In the fifth month of his football sabbatical, Rick Smith pulls his black Mercedes SUV into the parking lot of a Houston strip mall. He steers away from the pho restaurant and the crawfish spot, toward perhaps the last place on Earth one would expect to find a thriving NFL executive on a workday morning in April, three weeks before the draft: a Shaolin temple.
Inside the sanctuary waits Shi De Shan, whom Smith refers to simply as “Master,” an accurate description for a 31st-generation Shaolin monk who trained under some of the world’s most famous grandmasters. (Shan, if you believe your eyes, or YouTube, is capable of moving a parked van using only a spear wedged between the vehicle and his sternum.) Soothing instrumental ballads play over the temple’s speakers as Smith explains that he visits Master to study kung fu and tai chi. He’s gaining strength, losing weight and sleeping better; he’s becoming, he says, “more in harmony with the universe.” Smith spies Master in the back room—the one filled with tridents, monk spades and what Master describes as “big sword on stick,” which soldiers once used to cut off horses’ legs in battle—and bows. Master gestures toward the temple’s gray mat.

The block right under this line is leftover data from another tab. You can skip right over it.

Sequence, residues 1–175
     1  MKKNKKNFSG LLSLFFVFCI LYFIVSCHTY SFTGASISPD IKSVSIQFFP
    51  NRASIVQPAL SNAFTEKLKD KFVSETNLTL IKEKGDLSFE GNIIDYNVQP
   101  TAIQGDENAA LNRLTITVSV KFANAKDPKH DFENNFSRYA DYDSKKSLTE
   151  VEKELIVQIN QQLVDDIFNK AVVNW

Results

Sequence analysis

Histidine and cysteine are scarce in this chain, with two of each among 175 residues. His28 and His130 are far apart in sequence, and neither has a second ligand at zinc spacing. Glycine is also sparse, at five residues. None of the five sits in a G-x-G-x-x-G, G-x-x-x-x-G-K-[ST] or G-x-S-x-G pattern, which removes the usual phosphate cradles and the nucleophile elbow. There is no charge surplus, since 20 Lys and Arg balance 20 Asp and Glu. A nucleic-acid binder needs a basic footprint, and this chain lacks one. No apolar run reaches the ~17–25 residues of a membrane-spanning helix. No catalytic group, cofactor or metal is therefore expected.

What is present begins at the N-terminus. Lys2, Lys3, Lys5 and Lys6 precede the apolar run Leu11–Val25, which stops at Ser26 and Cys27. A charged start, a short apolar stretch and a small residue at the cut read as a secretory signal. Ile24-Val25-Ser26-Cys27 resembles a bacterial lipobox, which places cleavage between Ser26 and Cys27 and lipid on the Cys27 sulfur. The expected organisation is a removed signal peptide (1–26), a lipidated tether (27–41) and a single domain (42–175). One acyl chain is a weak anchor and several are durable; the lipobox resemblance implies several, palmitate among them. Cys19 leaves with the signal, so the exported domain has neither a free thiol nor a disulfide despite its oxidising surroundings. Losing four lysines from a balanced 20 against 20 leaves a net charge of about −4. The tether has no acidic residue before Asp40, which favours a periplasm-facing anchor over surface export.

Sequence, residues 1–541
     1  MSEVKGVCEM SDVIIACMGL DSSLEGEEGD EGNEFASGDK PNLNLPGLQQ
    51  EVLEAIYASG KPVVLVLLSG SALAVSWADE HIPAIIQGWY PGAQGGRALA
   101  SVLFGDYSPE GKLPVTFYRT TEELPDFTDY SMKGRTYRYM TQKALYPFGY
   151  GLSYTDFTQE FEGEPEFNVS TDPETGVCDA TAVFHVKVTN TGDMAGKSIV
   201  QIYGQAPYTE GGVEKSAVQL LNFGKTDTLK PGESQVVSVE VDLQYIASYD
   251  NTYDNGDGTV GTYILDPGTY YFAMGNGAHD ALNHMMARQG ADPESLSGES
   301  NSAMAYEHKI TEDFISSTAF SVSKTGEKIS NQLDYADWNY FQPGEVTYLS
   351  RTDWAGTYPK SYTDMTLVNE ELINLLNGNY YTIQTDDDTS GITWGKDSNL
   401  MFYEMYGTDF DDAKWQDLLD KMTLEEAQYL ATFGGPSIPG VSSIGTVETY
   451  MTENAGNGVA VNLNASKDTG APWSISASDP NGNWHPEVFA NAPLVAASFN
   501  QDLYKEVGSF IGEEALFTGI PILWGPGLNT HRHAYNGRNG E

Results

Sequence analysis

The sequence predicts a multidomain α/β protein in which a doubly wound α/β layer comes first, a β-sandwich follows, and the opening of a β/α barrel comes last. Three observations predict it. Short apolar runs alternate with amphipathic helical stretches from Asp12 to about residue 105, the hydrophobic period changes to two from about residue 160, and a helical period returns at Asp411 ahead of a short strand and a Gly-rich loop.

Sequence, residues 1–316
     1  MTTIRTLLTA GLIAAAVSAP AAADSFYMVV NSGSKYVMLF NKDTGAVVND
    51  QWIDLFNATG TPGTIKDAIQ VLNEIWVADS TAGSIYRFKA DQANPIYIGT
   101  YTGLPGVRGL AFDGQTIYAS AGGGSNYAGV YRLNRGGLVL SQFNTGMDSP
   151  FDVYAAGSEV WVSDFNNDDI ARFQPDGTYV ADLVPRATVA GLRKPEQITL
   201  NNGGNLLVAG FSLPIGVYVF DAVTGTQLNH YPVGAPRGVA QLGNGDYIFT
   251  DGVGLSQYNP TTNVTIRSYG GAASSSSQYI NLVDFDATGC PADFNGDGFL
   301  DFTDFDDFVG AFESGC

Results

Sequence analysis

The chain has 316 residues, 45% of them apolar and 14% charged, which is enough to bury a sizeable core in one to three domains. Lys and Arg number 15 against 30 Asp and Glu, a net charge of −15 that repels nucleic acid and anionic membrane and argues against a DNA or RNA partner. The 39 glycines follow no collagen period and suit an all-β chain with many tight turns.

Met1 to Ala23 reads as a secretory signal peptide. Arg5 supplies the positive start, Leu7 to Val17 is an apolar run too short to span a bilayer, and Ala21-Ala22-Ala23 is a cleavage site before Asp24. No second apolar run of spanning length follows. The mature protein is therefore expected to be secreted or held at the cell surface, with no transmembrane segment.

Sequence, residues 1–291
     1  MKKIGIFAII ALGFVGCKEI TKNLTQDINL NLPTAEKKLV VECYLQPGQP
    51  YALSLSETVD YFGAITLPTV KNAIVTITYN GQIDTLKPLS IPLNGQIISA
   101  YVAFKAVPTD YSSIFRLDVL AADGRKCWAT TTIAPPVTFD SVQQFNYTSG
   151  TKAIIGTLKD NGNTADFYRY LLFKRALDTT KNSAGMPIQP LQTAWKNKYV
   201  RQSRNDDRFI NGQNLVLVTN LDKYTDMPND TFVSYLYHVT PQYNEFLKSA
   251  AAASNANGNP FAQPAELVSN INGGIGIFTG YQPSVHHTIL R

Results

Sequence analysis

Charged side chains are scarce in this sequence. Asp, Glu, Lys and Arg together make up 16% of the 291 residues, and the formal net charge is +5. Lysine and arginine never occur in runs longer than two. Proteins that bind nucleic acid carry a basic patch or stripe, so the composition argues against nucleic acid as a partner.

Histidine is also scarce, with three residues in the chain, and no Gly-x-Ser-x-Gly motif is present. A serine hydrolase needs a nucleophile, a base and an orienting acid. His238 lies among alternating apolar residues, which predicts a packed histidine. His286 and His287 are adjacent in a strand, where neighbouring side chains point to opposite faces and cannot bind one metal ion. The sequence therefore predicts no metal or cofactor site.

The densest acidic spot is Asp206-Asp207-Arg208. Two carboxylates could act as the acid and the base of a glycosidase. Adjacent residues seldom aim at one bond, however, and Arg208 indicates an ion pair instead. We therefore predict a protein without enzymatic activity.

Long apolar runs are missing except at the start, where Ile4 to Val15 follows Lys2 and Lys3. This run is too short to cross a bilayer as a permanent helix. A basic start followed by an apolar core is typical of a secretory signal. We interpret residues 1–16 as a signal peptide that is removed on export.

For the next hour the 48-year-old Smith holds cobra poses and chops his fists and learns how to leverage his elbows to flip an opponent. Sweat drips down his forehead, pooling on his workout shirt. His phone sits nearby, untouched, on silent.
(by Greg Bishop – Sports Illustrated)